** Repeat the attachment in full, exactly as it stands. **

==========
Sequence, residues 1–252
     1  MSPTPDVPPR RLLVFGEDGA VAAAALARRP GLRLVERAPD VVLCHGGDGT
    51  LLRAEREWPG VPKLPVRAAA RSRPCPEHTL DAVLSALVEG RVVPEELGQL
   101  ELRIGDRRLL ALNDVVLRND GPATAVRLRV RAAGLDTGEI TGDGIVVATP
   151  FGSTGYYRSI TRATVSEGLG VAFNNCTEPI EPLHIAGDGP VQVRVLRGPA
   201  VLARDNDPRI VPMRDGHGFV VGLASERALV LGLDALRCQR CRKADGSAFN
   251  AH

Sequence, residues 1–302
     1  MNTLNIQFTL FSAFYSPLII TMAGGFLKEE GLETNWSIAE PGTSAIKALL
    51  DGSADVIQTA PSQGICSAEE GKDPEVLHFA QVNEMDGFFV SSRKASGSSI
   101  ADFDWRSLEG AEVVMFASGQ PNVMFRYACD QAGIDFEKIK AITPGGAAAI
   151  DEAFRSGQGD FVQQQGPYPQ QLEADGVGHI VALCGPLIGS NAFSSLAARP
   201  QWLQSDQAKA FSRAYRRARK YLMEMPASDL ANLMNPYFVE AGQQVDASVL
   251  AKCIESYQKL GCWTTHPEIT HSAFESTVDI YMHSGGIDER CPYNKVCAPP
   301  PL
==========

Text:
Sequence, residues 1–252
     1  MSPTPDVPPR RLLVFGEDGA VAAAALARRP GLRLVERAPD VVLCHGGDGT
    51  LLRAEREWPG VPKLPVRAAA RSRPCPEHTL DAVLSALVEG RVVPEELGQL
   101  ELRIGDRRLL ALNDVVLRND GPATAVRLRV RAAGLDTGEI TGDGIVVATP
   151  FGSTGYYRSI TRATVSEGLG VAFNNCTEPI EPLHIAGDGP VQVRVLRGPA
   201  VLARDNDPRI VPMRDGHGFV VGLASERALV LGLDALRCQR CRKADGSAFN
   251  AH

Sequence, residues 1–302
     1  MNTLNIQFTL FSAFYSPLII TMAGGFLKEE GLETNWSIAE PGTSAIKALL
    51  DGSADVIQTA PSQGICSAEE GKDPEVLHFA QVNEMDGFFV SSRKASGSSI
   101  ADFDWRSLEG AEVVMFASGQ PNVMFRYACD QAGIDFEKIK AITPGGAAAI
   151  DEAFRSGQGD FVQQQGPYPQ QLEADGVGHI VALCGPLIGS NAFSSLAARP
   201  QWLQSDQAKA FSRAYRRARK YLMEMPASDL ANLMNPYFVE AGQQVDASVL
   251  AKCIESYQKL GCWTTHPEIT HSAFESTVDI YMHSGGIDER CPYNKVCAPP
   301  PL